Go, and catch a falling star,
Get with child a mandrake root,
Tell me, where all past years are,
Or who cleft the devil's foot,
Teach me to hear mermaids singing
Or to keep off envy's stinging,
Serves to advance an honest mind.
If thou beest born to strange sights,
Things invisible to see,
Ride ten thousand days and nights,
Till age snow white hairs on thee;
Thou, when thou return'st, wilt tell me
All strange wonders that befell thee,
Lives a woman, true, and fair.
If thou find'st one, let me know;
Such a pilgrimage were sweet.
Yet do not, I would not go,
Though at next door we might meet:
Though she were true when you met her,
And last til you write your letter,
False, ere I come, to two, or three.
Donne's scathing account of women's loyalty (or shocking lack thereof) is interesting to me because of its title and structure. Donne entitles his poem, "Song" and this begs a number of questions: In what formal and structural aspects is this a song? Why sing such an angry account of infidelity? Who is Donne speaking to?
In setting his poem as a "song" Donne creates an expectation in the reader. Generally, readers expect poetry as song to be melodious, and beautiful. This, however, is a harsh poem, full of irregularly cadenced lines. This is not counter intuitive to the idea of song in Donne's time. Madrigals, a through-sung form meant to express in music the meaning of a text, were popular and plentiful. This text would work very well as a through-sung (nothing repeated) work, and there are many musical features that could highlight the irregular cadence of the poem. It would heighten the sense of betrayal and uncertainty that permeates the text. Donne names his poem "Song" to play with our expectations, and then bring us around to the realization that songs, like love, are not always beautiful.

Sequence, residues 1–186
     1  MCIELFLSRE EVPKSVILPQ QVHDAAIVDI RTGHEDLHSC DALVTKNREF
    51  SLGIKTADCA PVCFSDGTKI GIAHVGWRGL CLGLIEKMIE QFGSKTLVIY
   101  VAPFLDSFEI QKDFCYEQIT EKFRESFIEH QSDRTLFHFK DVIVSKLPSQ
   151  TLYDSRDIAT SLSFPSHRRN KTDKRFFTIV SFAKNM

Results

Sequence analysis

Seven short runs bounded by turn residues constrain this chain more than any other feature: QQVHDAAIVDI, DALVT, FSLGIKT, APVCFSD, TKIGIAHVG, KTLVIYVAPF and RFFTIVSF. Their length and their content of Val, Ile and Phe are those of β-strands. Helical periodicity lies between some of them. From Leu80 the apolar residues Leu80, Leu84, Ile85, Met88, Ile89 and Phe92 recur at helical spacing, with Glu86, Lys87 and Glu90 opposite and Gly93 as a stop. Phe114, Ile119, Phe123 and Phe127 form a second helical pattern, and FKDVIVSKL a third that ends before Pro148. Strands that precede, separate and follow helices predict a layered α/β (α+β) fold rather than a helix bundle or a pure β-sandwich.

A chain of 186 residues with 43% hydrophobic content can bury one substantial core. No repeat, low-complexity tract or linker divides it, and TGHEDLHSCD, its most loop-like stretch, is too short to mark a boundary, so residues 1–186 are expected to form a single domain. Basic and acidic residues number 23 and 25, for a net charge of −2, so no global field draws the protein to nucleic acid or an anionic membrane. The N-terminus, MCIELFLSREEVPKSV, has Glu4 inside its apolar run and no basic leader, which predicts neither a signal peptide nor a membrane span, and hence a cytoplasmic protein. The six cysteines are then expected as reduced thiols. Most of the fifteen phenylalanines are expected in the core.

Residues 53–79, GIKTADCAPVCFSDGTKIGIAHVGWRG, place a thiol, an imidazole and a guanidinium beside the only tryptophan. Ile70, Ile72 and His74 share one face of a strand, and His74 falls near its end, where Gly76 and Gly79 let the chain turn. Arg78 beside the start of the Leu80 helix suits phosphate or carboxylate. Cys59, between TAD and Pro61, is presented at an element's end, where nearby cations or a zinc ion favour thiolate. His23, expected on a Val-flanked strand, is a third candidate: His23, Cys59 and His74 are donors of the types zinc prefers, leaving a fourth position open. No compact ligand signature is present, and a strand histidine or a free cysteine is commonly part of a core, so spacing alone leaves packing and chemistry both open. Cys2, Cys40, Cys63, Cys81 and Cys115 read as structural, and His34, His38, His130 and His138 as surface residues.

Donne seems to be responding to a friend, who is, perhaps telling him of a love he found, who is fair, and true. Donne, seemingly deeply resentful towards women (some seriously bad experiences, I imagine) breaks down, point by point, how women fit none of the traditional ideals of values ascribed to them. While I can't agree with Donne's outlook on women and fidelity, I do appreciate the strength of emotion that comes through in this poem. His bitter, bitter angry flows, in a way (seemingly) backed by reason and experience. While it's an unreasonable view, Donne is, perhaps, speaking out of experience, and that pain he has felt is clearly captured. Even if his friend found a true woman, and wrote Donne about it, Donne would not go, for he is sure that she would have been untrue by the time Donne arrived. What harsh words!
By placing his anger in the form of a "song" Donne plays with our expectations and reverses our idea of what a "love song" is and how we view women. While I don't agree with Donne's appraisal of women (and I hope you don't either!) his setting of the text as "song" is very thought provoking. What do you think?